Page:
Rejection= what doesn’t kill you makes you stronger (or so we are told…)

8 Oct

At one point or another in one’s life, we all have been rejected and there is no other way to look at them other than: rejections suck. Whether by a boy/girl, by a parent, by a friend,  you name it–rejection hurts. One can’t ever sugarcoat a rejection, no matter the delivery method: sandwiched, wrapped, bluntly. Bottom line, it’s still a rejection, a door closed, end of the road.

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Today’s post focuses on rejections I, as a writer, am familiar with and how I deal with them. It’s no right or wrong way to do it, it’s just my personal take on them.

I started writing summer of 2009. I chose the self publishing path for several reasons, one of them being my insecurity about how many stories would I be able to write. Was there more than one book in me? Would I be able to deliver quality work, handle deadlines?

Since then I published several novels (5 to be exact) and have several other stories in different stages of being finished. Beginning of 2016 I decided to look for an agent, confident writing is as part of my DNA as the color of my eyes. And so the query stage begun . . .

It’s still vivid in my mind the first query I sent and how fast my heart pounded in my chest, my clammy hand pressing the “send” button, as if I was releasing a nuclear bomb, no less. The empowering surge (me, the little immigrant now a proud American who turned writing from a dream into reality) combined with OMG-what-did-I-do feeling and topped with an incredible overpowering vulnerability. Let me tell you, such a powerful cocktail of emotions brought me on the verge of . . . throwing up.

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That one query letter was followed by several others. I even made myself a beautiful spreadsheet with agent’s names and email addresses, agency’s websites, date I queried them and an empty column at the very end titled “YES/NO.” I wasn’t expecting that column to fill out too soon. All agents warn you about how long it takes to receive an answer (if any). And so the waiting begun . . .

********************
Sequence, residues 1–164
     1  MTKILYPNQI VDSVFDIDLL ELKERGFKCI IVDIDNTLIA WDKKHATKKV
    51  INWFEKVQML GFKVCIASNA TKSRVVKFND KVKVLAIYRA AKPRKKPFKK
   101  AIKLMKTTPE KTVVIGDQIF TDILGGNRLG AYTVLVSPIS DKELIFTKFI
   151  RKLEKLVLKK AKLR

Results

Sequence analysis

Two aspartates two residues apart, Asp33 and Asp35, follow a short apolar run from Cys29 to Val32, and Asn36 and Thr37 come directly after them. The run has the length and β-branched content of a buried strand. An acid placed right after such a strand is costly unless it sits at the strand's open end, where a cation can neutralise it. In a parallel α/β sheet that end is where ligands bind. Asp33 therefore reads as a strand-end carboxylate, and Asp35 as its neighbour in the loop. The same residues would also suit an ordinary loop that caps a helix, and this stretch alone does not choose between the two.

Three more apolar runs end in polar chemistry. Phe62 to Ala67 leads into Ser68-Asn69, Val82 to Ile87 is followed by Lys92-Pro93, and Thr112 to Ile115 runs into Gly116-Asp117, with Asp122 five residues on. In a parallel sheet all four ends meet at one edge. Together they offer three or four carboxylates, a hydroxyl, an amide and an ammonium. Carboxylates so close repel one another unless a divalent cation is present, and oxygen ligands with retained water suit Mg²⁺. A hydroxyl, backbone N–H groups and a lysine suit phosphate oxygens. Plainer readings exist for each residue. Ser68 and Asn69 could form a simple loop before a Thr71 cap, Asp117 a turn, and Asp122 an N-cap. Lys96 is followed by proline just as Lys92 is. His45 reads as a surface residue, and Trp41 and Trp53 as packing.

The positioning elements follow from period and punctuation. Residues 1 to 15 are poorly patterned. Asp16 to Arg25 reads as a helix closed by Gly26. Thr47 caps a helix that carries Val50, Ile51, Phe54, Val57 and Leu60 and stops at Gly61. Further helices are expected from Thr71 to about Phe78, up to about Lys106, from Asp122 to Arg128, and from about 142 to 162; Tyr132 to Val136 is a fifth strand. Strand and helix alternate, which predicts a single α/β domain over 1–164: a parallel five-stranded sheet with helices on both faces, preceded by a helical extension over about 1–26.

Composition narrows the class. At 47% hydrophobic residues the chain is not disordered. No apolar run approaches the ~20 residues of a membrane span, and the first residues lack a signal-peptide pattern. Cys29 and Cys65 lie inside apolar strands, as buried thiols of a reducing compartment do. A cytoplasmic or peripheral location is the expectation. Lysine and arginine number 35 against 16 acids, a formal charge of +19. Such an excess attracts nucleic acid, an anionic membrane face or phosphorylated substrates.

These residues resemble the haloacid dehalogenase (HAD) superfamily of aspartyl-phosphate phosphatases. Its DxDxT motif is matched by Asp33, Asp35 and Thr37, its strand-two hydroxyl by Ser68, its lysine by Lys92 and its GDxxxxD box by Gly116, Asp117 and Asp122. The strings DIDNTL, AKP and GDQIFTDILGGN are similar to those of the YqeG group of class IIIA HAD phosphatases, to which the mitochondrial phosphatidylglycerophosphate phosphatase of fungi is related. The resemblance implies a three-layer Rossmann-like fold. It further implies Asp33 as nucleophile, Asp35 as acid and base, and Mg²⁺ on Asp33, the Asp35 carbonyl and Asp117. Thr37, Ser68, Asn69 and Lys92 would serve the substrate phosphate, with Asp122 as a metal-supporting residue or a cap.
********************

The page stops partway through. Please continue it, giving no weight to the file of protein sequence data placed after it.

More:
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I remember the first rejection and the hurt it brought. The second, and the third… the deep and dark hole I was spiraling down into… the self-doubt and the acute need to be invisible so people won’t see my bleeding heart. The one rejection I received within exact 15 minutes after sending it, not as one of those automated response but written by the agent from his Iphone, as the end of the email stated. And the list can go on. Every single rejection delivered one blow after another and my hope diminished accordingly.  Somehow, by the 4th rejection something snapped in my brain and the blow, while still disappointing, it’s not hurting as bad.

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To date I’ve accumulated ten rejections. Some of my author friends burn them. Some frame them. Some use them as background for dartboard.

I’m by nature a control freak and shy so putting myself out there was never an easy thing for me, afraid people will judge me and I’d never rise to their expectations. This whole querying process is one of the hardest journeys I’ve embarked on that has taught me a lot of things about myself. My mind is my own enemy so I have to constantly talk myself out of (or in) something but one day, I’ll learn to stop self-doubting myself or so help me whichever power reigns over this universe!!!

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3 Responses to “Rejection= what doesn’t kill you makes you stronger (or so we are told…)”

  1. Judy October 10, 2016 at 7:31 am #

    I remember crying over my first rejection. A few years later, and a lot more experience, I realized I would have rejected me, too. The query letter was awful. I also learned a lot about those who would reject me. I was stunned to learn that one editor in a large publishing company rejected manuscripts with cats because they hated cats. Keep fighting for you.

    • Camelia Miron Skiba October 10, 2016 at 11:03 am #

      Cats you say? That takes being picky to a new level, 🙂 I guess no matter how good those queries are, it all boils down to what that agent wants/ or doesn’t. You can have the best query ever and yet still be rejected for so many reasons… in the end we just have to do the best we can, right? All my best to you, Judy, and keep on going!

      • Judy October 10, 2016 at 3:13 pm #

        Thank you! Never give up. 🙂

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